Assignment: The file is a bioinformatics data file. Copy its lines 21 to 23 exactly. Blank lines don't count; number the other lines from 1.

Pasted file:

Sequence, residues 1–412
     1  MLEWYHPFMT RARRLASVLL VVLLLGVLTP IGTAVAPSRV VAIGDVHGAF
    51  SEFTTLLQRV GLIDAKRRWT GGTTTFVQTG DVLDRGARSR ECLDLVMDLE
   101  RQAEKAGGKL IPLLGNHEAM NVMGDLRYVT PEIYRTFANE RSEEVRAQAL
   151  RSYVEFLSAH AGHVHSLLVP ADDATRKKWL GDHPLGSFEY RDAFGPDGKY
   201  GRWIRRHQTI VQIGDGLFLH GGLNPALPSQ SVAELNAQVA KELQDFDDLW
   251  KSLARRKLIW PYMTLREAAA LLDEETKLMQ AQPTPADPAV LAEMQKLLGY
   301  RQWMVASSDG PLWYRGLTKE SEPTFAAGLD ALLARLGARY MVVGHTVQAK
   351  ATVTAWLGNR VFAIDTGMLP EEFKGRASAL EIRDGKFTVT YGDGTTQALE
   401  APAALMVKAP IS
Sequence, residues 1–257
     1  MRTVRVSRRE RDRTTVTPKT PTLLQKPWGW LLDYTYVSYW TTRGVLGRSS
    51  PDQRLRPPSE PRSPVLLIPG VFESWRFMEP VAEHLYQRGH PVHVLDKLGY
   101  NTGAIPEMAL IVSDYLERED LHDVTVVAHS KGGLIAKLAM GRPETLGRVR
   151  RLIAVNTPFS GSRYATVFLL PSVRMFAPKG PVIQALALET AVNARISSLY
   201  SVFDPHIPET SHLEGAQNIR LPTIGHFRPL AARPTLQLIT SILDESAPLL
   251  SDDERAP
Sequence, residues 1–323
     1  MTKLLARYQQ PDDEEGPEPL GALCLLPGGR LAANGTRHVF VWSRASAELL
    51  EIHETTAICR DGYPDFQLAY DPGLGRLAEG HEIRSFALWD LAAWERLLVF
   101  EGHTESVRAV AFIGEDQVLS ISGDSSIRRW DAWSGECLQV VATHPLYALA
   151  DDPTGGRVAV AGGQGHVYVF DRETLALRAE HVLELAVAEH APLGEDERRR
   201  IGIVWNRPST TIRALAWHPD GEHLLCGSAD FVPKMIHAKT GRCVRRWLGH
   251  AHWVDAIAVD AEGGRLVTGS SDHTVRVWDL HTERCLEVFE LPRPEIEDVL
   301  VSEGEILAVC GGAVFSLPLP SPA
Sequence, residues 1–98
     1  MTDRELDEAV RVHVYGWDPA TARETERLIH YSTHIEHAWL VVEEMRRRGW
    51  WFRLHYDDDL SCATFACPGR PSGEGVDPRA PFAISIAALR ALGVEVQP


   101  EGHTESVRAV AFIGEDQVLS ISGDSSIRRW DAWSGECLQV VATHPLYALA
   151  DDPTGGRVAV AGGQGHVYVF DRETLALRAE HVLELAVAEH APLGEDERRR
   201  IGIVWNRPST TIRALAWHPD GEHLLCGSAD FVPKMIHAKT GRCVRRWLGH